So how is it implemented? Since I'm now a VB .NET developer, I decided to start writing all of my software exclusively in VB .NET. The front-end is a very simple form containing a menu strip and some menu items (start/stop/exit, dropper path/file filtering), and the back-end is SQLite. At BMSi, I learned an efficient way to store error messages is in a database! So in the SQLite db, I have three tables: tblFiles, tblErrors, and tblPCs. I'm pretty sure that the table structure is at least halfway decent. I'll have my new senior dev friend take a look at it to let me know if I could do it better. Which brings me to another point: you HAVE to keep an open mind in programming. Basically, there are other programmers who are much more knowledgeable and who can show you better ways to do things. OKAY. Back to the table structure...

tblErrors: strIPAddress, strStackTrace, strMessage
tblFiles: strIPAddress, strUsername, strPath, dteDate
tblPCs: strIPAddress, strUsername, strComputerName

I tried to make the columns as descriptive as possible. I know I will probably end up adding more tables in the future. One I just thought of was a separate table for server files which would let me use tblFiles for just local files (as a sort of redundancy for extra security). And perhaps I could add a tblUser to store individual information about the person using the software (username, password, configurations).

I'll write more about this in the future. If you want to see the code so far, it's at Github!

Monday, January 20, 2014

My First Programming Job

I can now call myself a professional. This is seriously my dream come true.

I won't let them down. I am going to work as hard as possible. I bought Murach's book, Visual Basic 2012, last week and I'm already at page 630.

My life is finally falling into place.

And I could never be thankful enough. :]

Wednesday, January 8, 2014

SysMon update

I've been programming exclusively in VB .NET for the past few days now, and I'm pretty much happy with this language overall. I am still able to do the same things I used to thanks to .NET, and it's starting to grow on me.

Today I decided to work on SysMon again. I added a TabControl (.NET version of javax.swing.JTabbedPane), and a ContextMenu (.NET version of javax.swing.JPopupMenu) to control the components within the tabs. I added a Services tab which lists all Windows services, and when you right-click the list, it selects the index and shows the context menu (allowing you to toggle a service on or off). In that toggle, I learned how to use the VB version of the ternary operator. It's an If-statement used as an initializer! Very insane! I also changed the color scheme back to a more orthodox Windows style.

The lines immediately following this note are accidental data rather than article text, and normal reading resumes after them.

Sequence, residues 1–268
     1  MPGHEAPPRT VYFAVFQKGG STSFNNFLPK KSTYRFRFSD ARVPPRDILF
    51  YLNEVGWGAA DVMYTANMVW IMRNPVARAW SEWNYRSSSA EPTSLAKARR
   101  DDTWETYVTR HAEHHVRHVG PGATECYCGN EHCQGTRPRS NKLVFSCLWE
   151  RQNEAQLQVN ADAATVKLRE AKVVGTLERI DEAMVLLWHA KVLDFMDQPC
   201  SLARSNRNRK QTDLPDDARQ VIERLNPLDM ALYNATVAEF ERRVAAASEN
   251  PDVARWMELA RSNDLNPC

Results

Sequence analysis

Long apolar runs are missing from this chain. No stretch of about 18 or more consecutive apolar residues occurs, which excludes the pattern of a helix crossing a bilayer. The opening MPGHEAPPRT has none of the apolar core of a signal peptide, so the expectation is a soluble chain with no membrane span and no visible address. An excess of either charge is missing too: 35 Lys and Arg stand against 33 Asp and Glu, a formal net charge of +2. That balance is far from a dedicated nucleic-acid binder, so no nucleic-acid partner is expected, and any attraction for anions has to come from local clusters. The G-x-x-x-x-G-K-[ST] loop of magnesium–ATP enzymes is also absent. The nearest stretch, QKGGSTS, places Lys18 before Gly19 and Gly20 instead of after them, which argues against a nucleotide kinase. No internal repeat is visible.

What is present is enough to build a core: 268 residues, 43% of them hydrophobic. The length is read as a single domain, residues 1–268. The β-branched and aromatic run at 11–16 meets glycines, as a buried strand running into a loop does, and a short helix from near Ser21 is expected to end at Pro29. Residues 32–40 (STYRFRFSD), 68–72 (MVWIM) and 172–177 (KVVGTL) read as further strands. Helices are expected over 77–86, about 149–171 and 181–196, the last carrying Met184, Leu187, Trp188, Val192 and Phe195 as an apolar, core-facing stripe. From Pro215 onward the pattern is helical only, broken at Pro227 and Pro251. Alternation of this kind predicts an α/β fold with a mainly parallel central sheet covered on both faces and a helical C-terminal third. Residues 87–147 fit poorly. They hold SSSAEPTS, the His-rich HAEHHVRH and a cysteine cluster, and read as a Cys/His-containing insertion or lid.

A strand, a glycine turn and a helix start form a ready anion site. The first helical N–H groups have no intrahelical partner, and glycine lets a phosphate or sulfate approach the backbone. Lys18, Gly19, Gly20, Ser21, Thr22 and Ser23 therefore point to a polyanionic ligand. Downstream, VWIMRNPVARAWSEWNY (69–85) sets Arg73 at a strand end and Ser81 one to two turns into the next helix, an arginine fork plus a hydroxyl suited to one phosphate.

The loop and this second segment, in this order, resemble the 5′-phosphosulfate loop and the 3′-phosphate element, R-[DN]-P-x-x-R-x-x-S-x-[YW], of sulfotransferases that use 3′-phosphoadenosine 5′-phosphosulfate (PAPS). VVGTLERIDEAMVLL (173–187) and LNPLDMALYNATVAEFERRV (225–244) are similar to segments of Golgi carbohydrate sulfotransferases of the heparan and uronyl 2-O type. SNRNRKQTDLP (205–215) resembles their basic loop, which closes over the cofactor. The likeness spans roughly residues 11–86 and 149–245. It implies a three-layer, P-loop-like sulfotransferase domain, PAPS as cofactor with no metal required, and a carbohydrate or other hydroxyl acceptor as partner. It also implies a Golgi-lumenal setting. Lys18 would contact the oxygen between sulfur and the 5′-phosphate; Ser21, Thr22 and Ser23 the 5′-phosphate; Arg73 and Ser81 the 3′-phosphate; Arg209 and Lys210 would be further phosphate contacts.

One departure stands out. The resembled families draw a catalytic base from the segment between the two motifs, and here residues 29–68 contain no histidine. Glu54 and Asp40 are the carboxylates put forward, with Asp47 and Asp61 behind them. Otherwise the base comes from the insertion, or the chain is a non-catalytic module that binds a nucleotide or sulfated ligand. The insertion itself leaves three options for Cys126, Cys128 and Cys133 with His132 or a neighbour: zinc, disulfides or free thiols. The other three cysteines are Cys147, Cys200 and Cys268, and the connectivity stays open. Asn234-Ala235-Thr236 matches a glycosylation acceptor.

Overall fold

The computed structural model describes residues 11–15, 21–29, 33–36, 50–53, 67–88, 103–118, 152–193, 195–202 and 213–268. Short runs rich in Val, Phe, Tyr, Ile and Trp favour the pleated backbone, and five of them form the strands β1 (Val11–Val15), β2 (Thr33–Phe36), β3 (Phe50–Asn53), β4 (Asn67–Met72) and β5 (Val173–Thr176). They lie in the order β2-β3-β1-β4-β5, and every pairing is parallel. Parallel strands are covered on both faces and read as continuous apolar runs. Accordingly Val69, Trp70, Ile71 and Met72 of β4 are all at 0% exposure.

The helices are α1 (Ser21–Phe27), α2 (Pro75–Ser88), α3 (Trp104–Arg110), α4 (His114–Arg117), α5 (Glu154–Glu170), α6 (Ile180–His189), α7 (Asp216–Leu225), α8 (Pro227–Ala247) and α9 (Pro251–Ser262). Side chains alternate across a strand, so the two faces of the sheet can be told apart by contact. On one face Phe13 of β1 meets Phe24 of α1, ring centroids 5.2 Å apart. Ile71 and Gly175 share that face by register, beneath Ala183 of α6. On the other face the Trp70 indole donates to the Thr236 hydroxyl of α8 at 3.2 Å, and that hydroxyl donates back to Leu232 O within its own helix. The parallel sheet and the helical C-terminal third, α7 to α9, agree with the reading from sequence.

Screenshot time!


It's up at github!

Sunday, January 5, 2014

Turning to VB .NET

I might have a new job pretty soon! Finally, I will be saved from the world of retail!

The new job is a VB .NET developer position and as you might know already, I write most of my software in C#, Java, or C++. But I'm definitely not new to the VB world.

But I did need a refresher, so I decided to write a couple of applications today. The main one I developed is a system monitor. It's pretty standard. There's a thread running in the background that calls a thread-safe subroutine which updates the list of running processes. I used a SortedDictionary to sort the processes by PID, and the list is checkable, so you can check multiple processes and kill them with the "Kill" button. I also give the option to open the directory of the selected (not checked) process in explorer. But I'm not sure about how to select the file when explorer is opened at that location. On the left-hand side of the form is a list of changes occurring in the file system. Using FileSystemWatcher, I can see changes occurring all throughout the file system, and save the results to a log file. The log file begins with the current date and time, machine name, and current user name, followed by the list of changes found and the list of running processes at the time. And finally, in the menu, you can go to Tools>Run and choose one of the menu items (Command Prompt, Task Manager, Registry Editor, Notepad).

I already knew VB, but writing in it again felt amazing. Like the feeling you get when writing Python after you haven't used it in awhile, without wishing that all languages were like it (nerd humor that probably only I will understand). Anyway. Check out my source code, it's well documented in case you don't know VB. I also use a little Boolean trick (line 136) which I've used in C-style languages forever. It works in VB as well and you might find it useful if you don't use it already.

Here is a screenshot!


VB isn't so bad. The source code is at my github.